While the pandemic has put a halt to many aspects of our daily lives, it shouldn’t stop your day-to-day care.
The Good Samaritan Society offers a wide variety of services. Two services that remain open to those in need are therapy and rehab services.
In a Facebook Live interview Aug. 20, Senior Director of Therapy and Rehab Services Dawn Andresen spoke on why this care is so important, and why it’s risky to delay it.
What are therapy and rehab services?
Dawn explains that these services are for “people of all ages who no longer need hospital care, but would benefit from additional care before returning to home.”
Therapy gyms, and physical, occupational, and speech therapy are all examples of therapy and rehab.
These services help patients improve their daily activities, such as dressing, bathing, grooming or other tasks.
“Other individuals may have had surgery or have suffered an injury or illness that affects their functional mobility with getting in and out of bed, walking, managing stairs or getting in and out of a vehicle.
“Some of those we serve may have changes in their ability to problem solve, remember, communicate or swallow,” says Dawn.
Safety measures in therapy, rehab
The Good Samaritan Society always has the safety and well-being of its residents in mind; Dawn says the COVID-19 pandemic has enhanced those efforts.
“We’ve been universally masking and wearing eye protection. We provide services one-on-one rather than in group settings. We’re limiting our use of therapy gyms and providing services in smaller areas, or the resident’s room, when possible,” she said.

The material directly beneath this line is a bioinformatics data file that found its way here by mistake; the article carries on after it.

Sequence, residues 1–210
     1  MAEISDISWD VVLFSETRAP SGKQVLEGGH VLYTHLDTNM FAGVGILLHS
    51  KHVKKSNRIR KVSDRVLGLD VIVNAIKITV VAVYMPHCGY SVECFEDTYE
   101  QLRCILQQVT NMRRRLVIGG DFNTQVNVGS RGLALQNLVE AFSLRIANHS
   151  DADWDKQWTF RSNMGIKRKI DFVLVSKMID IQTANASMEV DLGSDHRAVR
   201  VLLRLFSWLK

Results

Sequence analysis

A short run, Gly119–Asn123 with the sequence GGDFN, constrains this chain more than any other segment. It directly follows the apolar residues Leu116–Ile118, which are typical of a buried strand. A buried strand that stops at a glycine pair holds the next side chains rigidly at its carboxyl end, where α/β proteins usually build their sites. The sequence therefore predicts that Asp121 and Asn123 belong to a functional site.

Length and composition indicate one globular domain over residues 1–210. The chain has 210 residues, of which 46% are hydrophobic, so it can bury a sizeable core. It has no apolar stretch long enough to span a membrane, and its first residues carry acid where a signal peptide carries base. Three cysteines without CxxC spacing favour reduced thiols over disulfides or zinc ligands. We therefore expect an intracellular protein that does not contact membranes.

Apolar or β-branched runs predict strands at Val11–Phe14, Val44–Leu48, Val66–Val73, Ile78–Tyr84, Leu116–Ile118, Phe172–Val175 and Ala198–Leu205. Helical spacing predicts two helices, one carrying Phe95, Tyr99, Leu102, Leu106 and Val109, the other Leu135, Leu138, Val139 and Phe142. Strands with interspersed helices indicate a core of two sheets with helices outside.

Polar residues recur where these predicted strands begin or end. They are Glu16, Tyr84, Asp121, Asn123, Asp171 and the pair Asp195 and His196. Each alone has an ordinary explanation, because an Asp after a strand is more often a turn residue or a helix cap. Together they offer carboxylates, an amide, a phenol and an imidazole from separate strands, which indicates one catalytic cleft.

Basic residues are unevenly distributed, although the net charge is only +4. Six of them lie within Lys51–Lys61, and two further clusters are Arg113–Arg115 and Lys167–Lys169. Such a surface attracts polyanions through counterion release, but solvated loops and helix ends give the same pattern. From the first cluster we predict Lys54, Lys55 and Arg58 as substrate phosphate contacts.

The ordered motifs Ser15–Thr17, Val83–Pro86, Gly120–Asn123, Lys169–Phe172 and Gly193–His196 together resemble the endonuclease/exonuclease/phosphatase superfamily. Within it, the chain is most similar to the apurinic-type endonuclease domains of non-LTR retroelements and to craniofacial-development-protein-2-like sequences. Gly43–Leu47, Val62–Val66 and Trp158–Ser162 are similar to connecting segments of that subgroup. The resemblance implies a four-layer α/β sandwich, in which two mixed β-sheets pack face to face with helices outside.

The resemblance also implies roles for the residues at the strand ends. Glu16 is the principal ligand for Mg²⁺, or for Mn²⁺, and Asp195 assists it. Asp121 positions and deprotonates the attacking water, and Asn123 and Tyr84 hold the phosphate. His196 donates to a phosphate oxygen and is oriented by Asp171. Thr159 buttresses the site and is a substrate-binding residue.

Good Samaritan Society’s therapists are also screened for COVID-19 symptoms and exposure before interacting with any patients.
Providers are handling therapy on a case-by-case basis, allowing them to decide if it’s safe to bring in patients from the community.
Services for COVID-positive patients
The Good Samaritan Society’s highest priority is the health and well-being of its residents, which is why therapy and rehab services will continue to be provided to those who’ve tested positive for COVID-19.
“At the start of the pandemic, we developed a tiered therapy approach that helps therapists make decisions. If a resident is experiencing significant symptoms, like pain or pressure in the chest, high fever or unstable blood pressure, we hold off from delivering therapy services,” she says.
Once symptoms clear and the resident can perform activities of daily living without pain, therapy will once again be provided.
“Sometimes, perceptions of therapy are that it’s helpful to rehab residents after an injury, like a fall or a surgery. While that’s very true, it’s less well known how important therapy is after an illness.
“During an illness, residents are less mobile and oftentimes, their overall health declines on top of fighting off illness. Getting them to therapy allows us to quickly address any decline and bring them back up to health,” says Dawn.
She says she wants people to know they’re safe at the Good Samaritan Society.
“It’s safe here,” Dawn says. “Safety is our top priority. Delaying rehabilitation and therapy services can have long-lasting impacts on your health. You can have confidence in the measures we have in place.”
- Learn about safety precautions at Good Samaritan Society
- Good Samaritan Society looking to reopen, but only when safe
- Sanford chief medical officer: Don’t put your health on hold